As it launched within the US back in August last year, Motorola’s Moto X might well be considered old news, but it is only just made its way here to good old blighty. Motorola has rather fallen behind the contest lately, however it made a storming comeback with the Moto G, which paired great specs with a rock-bottom price.
The Moto X has an analogous design, a bigger, 4.7-inch display, a 1.7GHz dual core processor, the most recent version of Android 4.4.2 KitKat, a ten-megapixel camera and 4G connectivity — something that wasn’t available at the Moto G. You could pick it up SIM free on Amazon now for £315, or at no cost on contracts starting at £19 monthly.
There are a number of things to keep in mind though. The Moto X won praise inside the US as it could be customised with all kinds of colors. That option isn’t available within the UK and the score have been adjusted accordingly.
More importantly, however, is that Motorola has recently been bought by Lenovo. Lenovo has yet to assert what plans it has for Motorola, but there isn’t any be sure that the Motorola name can even exist this time next year. It is also worth considering whether future software updates will arrive for Motorola’s phones. In case you crave the newest Android updates once they’re available, Motorola may not be the greatest company to plump for without delay.
Design and build quality
If you’ve already had a go at the Moto G, the Moto X will seem quite familiar. It has an extremely similar design with the identical curving back panel. The X is slimmer though, making it very comfortable to carry in a single hand, and its 4.7-inch display makes it marginally longer and wider than the G.
Unfortunately the Moto X only is available in black and white within the UK.
One of the right things concerning the Moto X when it first launched was the wide customisation options using the Moto Maker website. You could select a number of alternative colours for the back panel, with different accents for the camera lens, the phone’s edge and buttons. It’s also possible to have it made out of wood. It is a good way of putting a private touch on a phone, but sadly those options aren’t available at the Moto X here in Europe.
Instead, your choice is just between black and white. There is a diamond pattern at the back that keeps it from being too dull, besides , it’s nowhere near as fun as choosing your individual vibrant set of hues. On the launch, Moto suggested that the Moto Maker service can make its solution to Europe sooner or later.
The Moto X is easily prepare, and not using a creaking from the case and no loose, rattling parts. The rubberised back did a respectable job of resisting scratches from my keys too. The back panel isn’t removable so that you can’t swap the battery out and there is no microSD card slot. The telephone comes with 16GB of storage though, that’s a respectable amount greater than the humble 8GB of the Moto G, and also you get an additional 50GB of cloud storage with Google Drive thrown in for 2 years.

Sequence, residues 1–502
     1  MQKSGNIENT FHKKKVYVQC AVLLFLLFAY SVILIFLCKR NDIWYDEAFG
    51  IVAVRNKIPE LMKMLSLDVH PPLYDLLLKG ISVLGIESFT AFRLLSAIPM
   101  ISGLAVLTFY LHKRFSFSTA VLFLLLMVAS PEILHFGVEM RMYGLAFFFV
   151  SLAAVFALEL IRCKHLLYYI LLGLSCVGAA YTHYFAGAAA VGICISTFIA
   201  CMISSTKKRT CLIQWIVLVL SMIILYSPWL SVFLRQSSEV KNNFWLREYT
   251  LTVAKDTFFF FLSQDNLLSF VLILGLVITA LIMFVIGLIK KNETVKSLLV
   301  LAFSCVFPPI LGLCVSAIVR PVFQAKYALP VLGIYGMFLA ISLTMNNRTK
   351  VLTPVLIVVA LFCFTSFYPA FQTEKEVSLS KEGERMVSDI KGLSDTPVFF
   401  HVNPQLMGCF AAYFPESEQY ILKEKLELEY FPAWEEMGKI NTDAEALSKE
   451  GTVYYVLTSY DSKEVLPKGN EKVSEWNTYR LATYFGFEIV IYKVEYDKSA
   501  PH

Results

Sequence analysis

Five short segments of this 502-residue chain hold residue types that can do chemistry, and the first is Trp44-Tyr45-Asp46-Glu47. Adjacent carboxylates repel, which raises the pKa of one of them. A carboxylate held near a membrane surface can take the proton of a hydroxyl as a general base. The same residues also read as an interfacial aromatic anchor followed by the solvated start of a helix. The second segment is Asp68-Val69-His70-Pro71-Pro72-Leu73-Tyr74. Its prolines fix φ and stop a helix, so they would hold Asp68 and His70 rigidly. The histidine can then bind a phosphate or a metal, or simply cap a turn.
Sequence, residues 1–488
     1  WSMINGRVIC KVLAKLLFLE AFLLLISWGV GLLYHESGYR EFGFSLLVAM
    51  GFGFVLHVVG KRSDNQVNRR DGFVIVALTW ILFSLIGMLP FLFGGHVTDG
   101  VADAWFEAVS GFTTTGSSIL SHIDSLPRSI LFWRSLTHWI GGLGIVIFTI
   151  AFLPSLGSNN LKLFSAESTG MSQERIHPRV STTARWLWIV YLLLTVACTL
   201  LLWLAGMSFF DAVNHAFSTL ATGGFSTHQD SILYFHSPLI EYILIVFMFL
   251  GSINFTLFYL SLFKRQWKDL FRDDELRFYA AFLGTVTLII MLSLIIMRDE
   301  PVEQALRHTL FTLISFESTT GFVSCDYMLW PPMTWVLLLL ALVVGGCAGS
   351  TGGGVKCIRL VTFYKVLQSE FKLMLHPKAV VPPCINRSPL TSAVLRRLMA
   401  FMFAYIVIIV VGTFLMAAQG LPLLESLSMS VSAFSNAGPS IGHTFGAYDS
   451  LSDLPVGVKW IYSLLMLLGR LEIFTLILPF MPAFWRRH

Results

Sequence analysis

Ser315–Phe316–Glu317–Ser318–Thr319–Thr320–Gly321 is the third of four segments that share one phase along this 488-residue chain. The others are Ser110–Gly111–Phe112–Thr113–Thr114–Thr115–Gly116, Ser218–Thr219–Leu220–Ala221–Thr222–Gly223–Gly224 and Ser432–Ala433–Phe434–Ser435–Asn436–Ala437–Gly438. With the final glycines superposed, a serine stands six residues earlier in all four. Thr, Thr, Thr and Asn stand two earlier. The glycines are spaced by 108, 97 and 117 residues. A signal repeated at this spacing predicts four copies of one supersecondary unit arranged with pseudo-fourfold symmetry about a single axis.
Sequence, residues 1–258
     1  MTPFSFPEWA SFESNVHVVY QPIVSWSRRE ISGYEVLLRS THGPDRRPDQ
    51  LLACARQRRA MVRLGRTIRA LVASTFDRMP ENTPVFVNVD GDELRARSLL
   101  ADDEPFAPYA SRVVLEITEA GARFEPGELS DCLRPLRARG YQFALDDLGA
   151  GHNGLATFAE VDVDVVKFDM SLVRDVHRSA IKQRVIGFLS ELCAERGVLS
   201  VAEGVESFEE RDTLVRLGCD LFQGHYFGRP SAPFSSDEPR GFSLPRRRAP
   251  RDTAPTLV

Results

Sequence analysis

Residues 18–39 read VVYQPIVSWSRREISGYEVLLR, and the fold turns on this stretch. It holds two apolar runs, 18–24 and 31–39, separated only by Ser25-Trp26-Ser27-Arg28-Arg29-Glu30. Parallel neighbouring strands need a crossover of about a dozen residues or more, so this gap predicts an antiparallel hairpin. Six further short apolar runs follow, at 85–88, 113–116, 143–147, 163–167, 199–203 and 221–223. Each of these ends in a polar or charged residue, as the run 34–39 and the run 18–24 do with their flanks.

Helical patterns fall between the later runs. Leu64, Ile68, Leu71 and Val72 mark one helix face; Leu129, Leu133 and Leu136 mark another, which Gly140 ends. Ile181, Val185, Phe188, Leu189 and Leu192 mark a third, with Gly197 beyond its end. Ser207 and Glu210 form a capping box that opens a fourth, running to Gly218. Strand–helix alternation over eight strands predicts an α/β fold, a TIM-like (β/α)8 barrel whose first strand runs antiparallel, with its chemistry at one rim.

The Moto X’s 4.7-inch display packs a 720p resolution, that is the same quantity of pixels you can find at the Moto G. Because the Moto G has a smaller display, it means its pixels are packed in tighter, leading to a marginally higher pixel density. While the display looks perfectly crisp enough for many tasks (and also you probably won’t notice any difference between it and the Moto G), it’s disappointing to not see a push for a better resolution, due to the fact the Moto G is a 3rd of the cost.
It has the identical 720p resolution because the Moto G.
The display at the least makes up for its lower resolution by being very bright and satisfyingly bold. Colours look rich and punchy, making visually stunning Netflix shows like Breaking Bad or Power Rangers look great. It has good viewing angles too, meaning in the event you examine the telephone from the side you’ll still get a great image — handy when you’ve got friends crowding around the screen to observe Vine compilations on YouTube.
Android 4.4.2 software
The phone comes as standard with the most recent version of Google’s mobile operating system referred to as 4.4.2 KitKat. KitKat packs various new features, including full-screen media, a combined Google Hangouts and SMS app and the flexibility to go looking for businesses on your contacts. Visually, the Android interface hasn’t changed from previous versions so in case you are already a ‘droider, you’ll feel right at home.
There are a couple of extra tweaks on board which you will need to hear about. The Moto X boasts what Moto calls Touchless Control. After an initial setup, you’re able to activate the telephone even if it’s in standby by just saying “okay, Google Now”. That you could then ask it to name or text a contact, ask for directions and weather reports and even play a song.
The Moto X comes with the newest version of Android, 4.4.2 KitKat.
You do for sure need to have your whole contacts saved correctly on the way to contact them — and when you have multiple numbers, you will need to pick out which one to exploit. Playing songs with third party services like Spotify doesn’t work, but despite that, it is usually quite handy. i used to be ready to quickly ask for directions to an event i used to be already late for, with no need to prevent typing an email apologising for being late, so it’s never been easier to be poorly organised.
Another handy little feature is the notifications and clock that pop up at the screen when it’s in standby. Other than having a random notification light which may mean anything, the Moto X makes it easy to peer who’s been attempting to get in contact and whether it’s well worth the effort of picking your phone as much as say “No, i do not like to buy you a dog, Luke.”